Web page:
The university was also host of this year’s games, which boasted a variety of social events, a trivia competition, a talent show, 15 sporting events, and a moot competition, judged by Dalhousie faculty and a few bilingual third-year law students.
Despite ultimate frisbee being cancelled due to a bad snowstorm on the second day, Ben Pearson, a Dalhousie Schulich School of Law 2L and one of three Law Games directors, says this year was a success.
On Jan. 2, law students from across Canada descended on Dalhousie University in Halifax, N.S. The 640 students from 19 schools came to compete, to network, to learn — but most importantly, they came to let loose before second term picked up again.
Every year, law students gather at a host law school to participate in a variety of events. It is known as the Law Games, the largest gathering of Canadian law students. It has evolved from a one-day, single hockey tournament to a four-day stretch filled with academic and athletic competitions, a talent show, moots, pub crawls, and a formal dinner.
“It was nice to have a hometown victory,” he says, especially considering that victory was snatched from Western University, who won the games the last three years in a row. Western didn’t leave empty handed however — they brought home the Spirit Cup this year.
Other winners included Queen’s University, which took the gold in basketball, University of Sherbrooke, which won the volleyball competition, and the University of New Brunswick’s team who beat all in ping pong.
In the moot, Dalhousie lost in the final by one point; McGill took home those bragging rights in the end.
The University of Saskatchewan stood out among the crowd during the talent show, says Pearson. One team member put together an acoustic set and was called on for two encores — a fan favourite for sure, says Pearson.
David St. Bernard, a 2L at the University of Toronto and one of three team captains from the school, says their greatest achievement was winning for best “lip dub” video, a selection of songs the team dubs over with their own lyrics made up of law-themed references and jokes.
He says the tradition of the games is important because it creates “lasting ties” between law students across the country. The Law Games are a great opportunity to network in an informal manner, he says, while also enjoying an “often needed and hard-earned break after the fall semester.”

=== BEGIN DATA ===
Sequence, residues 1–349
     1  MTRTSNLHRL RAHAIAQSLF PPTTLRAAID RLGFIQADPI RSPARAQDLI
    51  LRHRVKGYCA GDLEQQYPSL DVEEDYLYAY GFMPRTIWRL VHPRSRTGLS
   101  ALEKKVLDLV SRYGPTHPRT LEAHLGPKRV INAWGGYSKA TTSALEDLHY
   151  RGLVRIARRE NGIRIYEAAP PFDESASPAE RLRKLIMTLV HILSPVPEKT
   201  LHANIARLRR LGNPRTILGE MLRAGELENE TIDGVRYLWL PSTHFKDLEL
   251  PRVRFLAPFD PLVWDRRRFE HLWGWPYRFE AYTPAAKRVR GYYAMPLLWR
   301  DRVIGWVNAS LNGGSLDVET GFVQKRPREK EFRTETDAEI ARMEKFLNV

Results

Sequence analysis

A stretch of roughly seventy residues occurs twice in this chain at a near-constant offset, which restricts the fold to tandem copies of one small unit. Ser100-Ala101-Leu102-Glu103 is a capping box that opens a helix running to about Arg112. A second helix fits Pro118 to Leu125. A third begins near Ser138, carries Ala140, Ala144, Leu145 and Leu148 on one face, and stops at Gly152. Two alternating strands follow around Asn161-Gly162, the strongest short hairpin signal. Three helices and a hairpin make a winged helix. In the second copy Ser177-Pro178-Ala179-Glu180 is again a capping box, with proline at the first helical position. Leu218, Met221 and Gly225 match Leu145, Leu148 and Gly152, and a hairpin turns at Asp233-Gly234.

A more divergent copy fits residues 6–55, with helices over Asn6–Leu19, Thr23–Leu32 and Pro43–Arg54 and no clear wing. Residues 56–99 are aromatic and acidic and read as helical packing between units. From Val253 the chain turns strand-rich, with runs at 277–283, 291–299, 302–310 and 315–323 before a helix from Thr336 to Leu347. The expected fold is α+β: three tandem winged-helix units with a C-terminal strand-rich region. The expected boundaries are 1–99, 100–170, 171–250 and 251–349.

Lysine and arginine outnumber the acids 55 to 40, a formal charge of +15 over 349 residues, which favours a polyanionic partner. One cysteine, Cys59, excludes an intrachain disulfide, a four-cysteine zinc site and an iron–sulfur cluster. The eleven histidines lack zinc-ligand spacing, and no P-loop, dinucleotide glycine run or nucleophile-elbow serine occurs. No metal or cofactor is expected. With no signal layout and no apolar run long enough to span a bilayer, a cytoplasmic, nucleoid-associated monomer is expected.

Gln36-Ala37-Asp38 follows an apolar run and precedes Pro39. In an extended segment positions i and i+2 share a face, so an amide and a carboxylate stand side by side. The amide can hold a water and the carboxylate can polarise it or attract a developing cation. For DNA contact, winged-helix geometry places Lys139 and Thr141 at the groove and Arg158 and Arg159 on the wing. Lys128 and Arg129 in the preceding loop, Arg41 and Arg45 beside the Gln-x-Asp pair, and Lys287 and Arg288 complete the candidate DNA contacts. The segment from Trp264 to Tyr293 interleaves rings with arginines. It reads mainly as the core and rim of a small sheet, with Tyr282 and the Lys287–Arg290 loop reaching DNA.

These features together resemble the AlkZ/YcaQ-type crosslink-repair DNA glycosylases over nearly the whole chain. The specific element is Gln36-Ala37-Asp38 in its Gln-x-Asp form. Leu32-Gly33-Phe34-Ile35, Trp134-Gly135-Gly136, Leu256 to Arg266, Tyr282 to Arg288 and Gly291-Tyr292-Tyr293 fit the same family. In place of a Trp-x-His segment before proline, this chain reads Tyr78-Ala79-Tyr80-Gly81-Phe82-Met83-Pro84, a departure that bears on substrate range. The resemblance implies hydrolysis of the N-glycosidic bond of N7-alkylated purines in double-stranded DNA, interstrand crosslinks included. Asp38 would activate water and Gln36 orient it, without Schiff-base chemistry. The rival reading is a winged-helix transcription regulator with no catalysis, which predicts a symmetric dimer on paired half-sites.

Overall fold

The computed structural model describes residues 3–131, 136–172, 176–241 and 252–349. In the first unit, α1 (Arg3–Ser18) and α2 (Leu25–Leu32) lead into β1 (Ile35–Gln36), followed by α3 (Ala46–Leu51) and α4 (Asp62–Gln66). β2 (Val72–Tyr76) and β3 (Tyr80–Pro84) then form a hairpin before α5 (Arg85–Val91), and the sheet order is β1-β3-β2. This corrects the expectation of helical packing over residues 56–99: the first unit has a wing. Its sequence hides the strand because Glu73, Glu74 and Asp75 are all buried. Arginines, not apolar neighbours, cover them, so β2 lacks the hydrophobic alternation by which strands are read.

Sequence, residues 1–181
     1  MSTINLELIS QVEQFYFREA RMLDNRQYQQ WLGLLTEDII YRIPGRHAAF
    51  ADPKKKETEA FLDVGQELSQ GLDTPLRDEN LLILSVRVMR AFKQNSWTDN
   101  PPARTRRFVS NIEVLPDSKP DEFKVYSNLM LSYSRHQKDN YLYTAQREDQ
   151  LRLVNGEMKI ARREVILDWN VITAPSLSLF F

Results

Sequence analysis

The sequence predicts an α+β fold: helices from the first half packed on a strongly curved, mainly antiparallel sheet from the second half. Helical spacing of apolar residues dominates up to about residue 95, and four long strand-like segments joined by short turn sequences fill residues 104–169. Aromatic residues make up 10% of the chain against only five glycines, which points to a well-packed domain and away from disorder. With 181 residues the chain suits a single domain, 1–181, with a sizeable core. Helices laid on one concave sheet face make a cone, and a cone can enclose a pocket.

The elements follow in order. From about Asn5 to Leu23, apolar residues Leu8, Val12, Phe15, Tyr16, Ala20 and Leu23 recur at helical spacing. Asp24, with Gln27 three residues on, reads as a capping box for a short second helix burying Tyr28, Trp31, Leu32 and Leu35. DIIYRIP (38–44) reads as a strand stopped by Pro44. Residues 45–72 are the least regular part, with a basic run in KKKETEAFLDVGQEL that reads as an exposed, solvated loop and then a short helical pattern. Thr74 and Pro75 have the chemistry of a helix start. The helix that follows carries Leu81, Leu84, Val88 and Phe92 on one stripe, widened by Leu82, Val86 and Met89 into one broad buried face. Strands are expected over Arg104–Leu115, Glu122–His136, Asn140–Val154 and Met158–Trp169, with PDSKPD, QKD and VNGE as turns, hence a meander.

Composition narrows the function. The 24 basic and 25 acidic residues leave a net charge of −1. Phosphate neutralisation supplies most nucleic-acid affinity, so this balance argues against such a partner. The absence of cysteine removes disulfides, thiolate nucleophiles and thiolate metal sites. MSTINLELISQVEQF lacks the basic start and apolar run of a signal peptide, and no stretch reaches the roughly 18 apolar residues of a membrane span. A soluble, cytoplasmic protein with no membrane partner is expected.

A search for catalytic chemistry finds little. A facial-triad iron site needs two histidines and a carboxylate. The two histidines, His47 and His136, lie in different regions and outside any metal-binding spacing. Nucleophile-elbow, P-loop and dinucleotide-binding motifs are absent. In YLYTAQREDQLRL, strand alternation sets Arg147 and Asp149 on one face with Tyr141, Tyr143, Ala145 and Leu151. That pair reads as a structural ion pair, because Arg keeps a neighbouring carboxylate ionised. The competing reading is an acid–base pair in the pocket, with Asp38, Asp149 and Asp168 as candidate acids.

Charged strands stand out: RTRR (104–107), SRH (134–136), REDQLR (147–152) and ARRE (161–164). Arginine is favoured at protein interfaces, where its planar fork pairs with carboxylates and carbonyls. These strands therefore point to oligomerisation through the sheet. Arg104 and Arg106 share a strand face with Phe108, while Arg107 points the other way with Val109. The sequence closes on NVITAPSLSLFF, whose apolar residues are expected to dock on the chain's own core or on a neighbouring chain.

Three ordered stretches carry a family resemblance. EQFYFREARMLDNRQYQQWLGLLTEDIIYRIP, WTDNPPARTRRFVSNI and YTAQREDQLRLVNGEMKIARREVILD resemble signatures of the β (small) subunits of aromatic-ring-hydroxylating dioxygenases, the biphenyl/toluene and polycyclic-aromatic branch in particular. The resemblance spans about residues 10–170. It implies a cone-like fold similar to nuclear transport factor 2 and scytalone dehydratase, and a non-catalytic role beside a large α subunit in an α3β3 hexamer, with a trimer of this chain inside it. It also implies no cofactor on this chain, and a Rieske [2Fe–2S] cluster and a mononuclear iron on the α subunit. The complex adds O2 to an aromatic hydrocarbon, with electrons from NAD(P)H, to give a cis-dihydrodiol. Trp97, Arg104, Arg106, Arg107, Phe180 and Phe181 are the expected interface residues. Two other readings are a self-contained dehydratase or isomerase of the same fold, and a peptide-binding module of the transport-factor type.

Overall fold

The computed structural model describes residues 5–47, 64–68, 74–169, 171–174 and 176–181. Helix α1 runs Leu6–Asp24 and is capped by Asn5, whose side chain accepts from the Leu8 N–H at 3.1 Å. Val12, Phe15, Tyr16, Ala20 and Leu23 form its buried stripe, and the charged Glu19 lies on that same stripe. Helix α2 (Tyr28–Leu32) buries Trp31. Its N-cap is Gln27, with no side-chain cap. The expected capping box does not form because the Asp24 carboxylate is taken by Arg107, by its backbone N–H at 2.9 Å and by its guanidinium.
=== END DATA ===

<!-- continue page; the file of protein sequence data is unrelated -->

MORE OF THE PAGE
A varsity athlete during his undergrad, after attending last year’s Law Games, he knew he’d like to put together a team and compete in the sports section of the games.
“We did well; we made the semis and finals in a lot of events,” says St. Bernard, specifically remembering a heartbreaker in the flag football finals.
“We had a strong showing . . . so we were proud and definitely made a statement that we’ve got a good bunch of athletes at our school and showed our intention to be more of a force than in years past.”
Law school can be mentally taxing, he says, and the Law Games can be “one of the mechanisms to release some of the pent-up stress.”
As for memorable moments, St. Bernard has nothing but praise for Pearson and his fellow directors.
“Dal was a great host,” he says. “They had indoor beach volleyball courts for one of the nights — it was a surprise and after the talent show they opened it up, which was great.”
In Pearson’s view, the Law Games is “a really cool and different event because it’s not often you get 700 law students from all corners of the country coming together.”
“A few of us decided we wanted to put in a bid for Dalhousie to host it because it’s never hosted it before,” says Pearson, who attended last year’s Law Games at McGill University in Montreal. “It’s a fun way to bring people to the east coast.”
He mentions “Law Games relationships” where you meet people during the games and look forward to meeting up with them again the following year, and then “maybe four years down the road across the bench in a courtroom.” It’s nice to have the opportunity to develop relationships with law students across the country, and foster relationships early, he says.
So in February of last year, Pearson and the other directors put in the bid to host and found out in March they’d won it.
“It got real then. Since then we’ve been planning away until those last four days when it all came together.”
One of the challenges the host school faces is drumming up sponsorship. Pearson says they got support from Stikeman Elliott, Lawson Lundell, Norton Rose Canada, some smaller Atlantic firms, and LexisNexis.
In a more unique sponsorship agreement, Pearson sat down with the CEO of CanLII who had the idea of organizing a competition to boost CanLII Connects’ access to justice angle. CanLII offered to put forward prizes to help law students cover travel to Halifax, based on which school could make the most contributions to CanLII Connects. Essentially the law students had to write case summaries and post them on CanLII Connects. Overall, there were 3,100 contributions for over 1,000 different cases — a big contribution by law students, Pearson notes.
So what will Pearson be looking for when the organizing committee is judging the bids from host hopefuls for next year?
“Essentially the ability to host 700 students,” he says, which is a tough task for a lot of cities. But besides the logistics, Pearson says the bottom line is the ability to “put on a fun, bilingual, welcoming environment.”
Check out the games’ official Facebook page as well as Instagram pics using the hashtag #LawGames2015 and the wrap up video below.